The US Federal Reserve Confirms Debt Trap Loop
Debt Market Dynamics, Do They Work? Are We Headed Towards a Debt Crisis Or a Currency Crisis?
August 30th 2022
by David J Mitchell
The Fed seemingly has once again demonstrated that they are blindly ignoring the mounting economic crisis driven by the cancer in the system which is the debt crisis (a debt conundrum of vast proportions) the question that investors must now ask is, how might it all play out?
Let’s firstly look at Japan...
The Japanese Debt Yield Curve Control (YCC) policy was initially instigated in 2016, during which time they instigated a policy of zero percent interest rates via direct government targeting of the 10-year sovereign debt JGB’s (Japanese Govt. Bonds), with their upper band capped at 0.25%.
As government yields started to rise globally from early 2021, Japanese debt came under pressure due to a small pick-up in inflation. As the 10-Year yield of Japanese debt rose from negative territory towards +0.17%, the Bank of Japan (BOJ) stepped in to buy unlimited amounts of debt via debt monetisation (essentially money printing out of thin air). This helped to contain interest rates below the upper band of +0.25%, but what were the repercussions of their debt monetisation and yield curve compression?
USD / JPY was trading at 102.70 on 4 January 2021 and today it is 138.60: a -35% fall in the currency value of the Yen versus USD.
Now let’s look at the USA...
The U.S. current-account deficit (borrowing requirement), which reflects the combined balances on trade in goods and services as well as income flows between U.S. residents and residents of other countries, equated to $821.6 billion in 2021 (according to official statistics).
The 2021 deficit was 3.6 percent of current-dollar gross domestic product, up from 2.9 percent in 2020.
This year 2022 is on plan to surpass US$1 trillion in deficit (debt borrowing), and this is discounting an economic recession (which is already with us and steadily growing) which will further increase the deficit. In fact, with the new Biden deficit spending bill passing through the houses, we are more in line to see the deficit increase towards US$1.5 trillion in 2022, and grow even further into 2023.
As of February 2022, total US Federal Government Debt breached the US$30 trillion mark for the first time, with current debt-to-GDP standing at an eye-watering 124%.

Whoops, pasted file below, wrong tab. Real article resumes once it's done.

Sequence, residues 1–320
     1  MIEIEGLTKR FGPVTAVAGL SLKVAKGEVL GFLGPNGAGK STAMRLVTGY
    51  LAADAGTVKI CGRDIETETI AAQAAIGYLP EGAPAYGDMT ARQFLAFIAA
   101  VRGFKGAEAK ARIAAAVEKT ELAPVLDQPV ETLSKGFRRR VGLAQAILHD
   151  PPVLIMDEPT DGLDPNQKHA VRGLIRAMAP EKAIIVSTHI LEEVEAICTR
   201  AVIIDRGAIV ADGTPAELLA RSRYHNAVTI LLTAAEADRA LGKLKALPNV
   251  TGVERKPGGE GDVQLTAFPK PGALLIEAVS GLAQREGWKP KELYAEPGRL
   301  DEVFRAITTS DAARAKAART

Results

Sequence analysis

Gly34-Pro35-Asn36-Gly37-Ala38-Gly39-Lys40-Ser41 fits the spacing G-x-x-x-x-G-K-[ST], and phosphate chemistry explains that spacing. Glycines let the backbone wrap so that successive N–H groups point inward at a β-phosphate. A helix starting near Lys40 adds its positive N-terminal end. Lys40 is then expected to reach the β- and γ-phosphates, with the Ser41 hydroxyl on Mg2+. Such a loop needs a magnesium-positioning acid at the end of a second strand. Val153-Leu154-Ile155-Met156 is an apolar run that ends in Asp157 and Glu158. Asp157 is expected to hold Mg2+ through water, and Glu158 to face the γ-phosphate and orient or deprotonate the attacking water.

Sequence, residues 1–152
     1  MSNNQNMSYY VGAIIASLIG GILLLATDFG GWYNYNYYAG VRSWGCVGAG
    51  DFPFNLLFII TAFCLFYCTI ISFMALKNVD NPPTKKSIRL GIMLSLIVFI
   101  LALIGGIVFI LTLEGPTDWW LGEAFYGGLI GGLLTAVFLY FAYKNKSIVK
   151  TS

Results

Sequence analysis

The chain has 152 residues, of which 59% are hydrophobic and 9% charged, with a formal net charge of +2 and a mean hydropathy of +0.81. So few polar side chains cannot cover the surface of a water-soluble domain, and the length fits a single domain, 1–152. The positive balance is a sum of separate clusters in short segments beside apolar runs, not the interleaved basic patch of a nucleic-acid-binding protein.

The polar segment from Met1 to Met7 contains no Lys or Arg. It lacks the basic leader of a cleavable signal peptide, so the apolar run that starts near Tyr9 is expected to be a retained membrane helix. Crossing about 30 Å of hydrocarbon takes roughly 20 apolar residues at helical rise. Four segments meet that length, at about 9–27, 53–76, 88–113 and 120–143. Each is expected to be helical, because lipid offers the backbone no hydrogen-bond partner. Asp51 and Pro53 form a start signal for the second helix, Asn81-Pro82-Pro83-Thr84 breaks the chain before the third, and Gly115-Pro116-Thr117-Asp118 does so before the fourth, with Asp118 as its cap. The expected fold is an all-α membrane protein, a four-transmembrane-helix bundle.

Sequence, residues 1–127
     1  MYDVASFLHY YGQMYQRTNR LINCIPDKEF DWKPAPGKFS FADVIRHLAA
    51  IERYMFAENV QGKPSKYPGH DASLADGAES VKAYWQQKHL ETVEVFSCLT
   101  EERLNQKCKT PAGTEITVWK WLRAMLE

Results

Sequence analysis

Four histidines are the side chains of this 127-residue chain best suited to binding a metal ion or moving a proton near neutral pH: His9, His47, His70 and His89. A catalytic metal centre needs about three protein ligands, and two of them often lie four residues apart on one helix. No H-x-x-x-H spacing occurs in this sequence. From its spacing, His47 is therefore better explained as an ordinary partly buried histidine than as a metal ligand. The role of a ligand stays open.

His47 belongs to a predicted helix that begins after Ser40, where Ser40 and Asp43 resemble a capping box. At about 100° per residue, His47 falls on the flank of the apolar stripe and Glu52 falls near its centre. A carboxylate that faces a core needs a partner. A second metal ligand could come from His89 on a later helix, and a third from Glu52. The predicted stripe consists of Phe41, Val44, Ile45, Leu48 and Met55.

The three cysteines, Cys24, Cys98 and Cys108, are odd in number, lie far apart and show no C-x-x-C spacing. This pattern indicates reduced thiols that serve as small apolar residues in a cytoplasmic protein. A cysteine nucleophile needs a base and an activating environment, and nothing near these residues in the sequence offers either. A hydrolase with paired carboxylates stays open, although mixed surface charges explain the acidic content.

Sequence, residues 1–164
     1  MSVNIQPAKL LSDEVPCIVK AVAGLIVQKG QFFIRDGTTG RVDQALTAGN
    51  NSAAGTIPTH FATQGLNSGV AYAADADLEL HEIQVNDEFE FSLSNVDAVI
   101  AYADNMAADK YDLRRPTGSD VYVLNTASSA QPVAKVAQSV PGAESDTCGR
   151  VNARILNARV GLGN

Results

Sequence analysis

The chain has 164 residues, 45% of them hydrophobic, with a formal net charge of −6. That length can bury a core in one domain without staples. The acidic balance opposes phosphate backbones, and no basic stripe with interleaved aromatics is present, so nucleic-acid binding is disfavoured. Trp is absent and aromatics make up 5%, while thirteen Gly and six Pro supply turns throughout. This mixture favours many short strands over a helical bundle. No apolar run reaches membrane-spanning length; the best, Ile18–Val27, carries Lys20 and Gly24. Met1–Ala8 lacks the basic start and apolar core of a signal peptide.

Now The Federal Reserve, under the latest guidance of chairman Jerome Powell at The Jackson Hole Symposium on Friday 26 August, are planning to raise interest rates further, in a forceful manner, whilst concurrently instigating QT (Quantitative Tightening). QT is a reversal of money printing, they are effectively selling debt into the market by virtue of not being the buyer of the maturing short term debt they originally purchased via money printing.
So to articulate this more clearly and follow the dots….
1. Brand new Debt Issuance is flowing into the debt markets like a ‘tsunami’, growing the total size of overall debt. Furthermore, the US Central Bank has announced it is selling debt. Who exactly is going to buy all this Treasury Debt, never mind all of the new corporate debt plus the rollover of the existing corporate and sovereign debt mountain (China is not going to be a buyer)?!
2. We seriously face a debt market spinning out of control, if the Central Banking Authorities do not step in (as The Federal Reserve just announced) with money printing. The consequence of which will be that debt markets could fall extremely hard and yields rise dramatically.
3. As the recessionary forces build and governments increase deficit spending to appease societal economic pain, it becomes a disorderly debt loop that exponentially increases; as debt serviceability costs rise very rapidly with rising interest rates, thereby increasing the overall size of the deficits in question. This type of economic situation compounds the pain on the US economy, but also lends itself to all global economic recessionary metrics.
4. The US Federal Reserve will be forced to awaken from this debt trap under intense political pressure to the fact that Stagflation is a lot less painful than a debt downgrade loop and corresponding economic destruction.
5. Repercussions of a new giant foray into monetary expansion, effectively debt monetisation with a new programme concentrating on interest yield curve compression in the US to get debt markets back under control (as per the Japanese experience), leads to enormous loss of currency valuation or more accurately a giant monetary debasement.
All five of these points seem to be unavoidable looking down road, even with The Fed in apparent denial presently, but then again, look at their historical record of pivoting and running in to support markets.
With the ongoing loss of currency valuation that only has a destiny of increasing in pace (monetary debasement), the medium to longer term fortunes of precious metals investors are looking brighter by the day.
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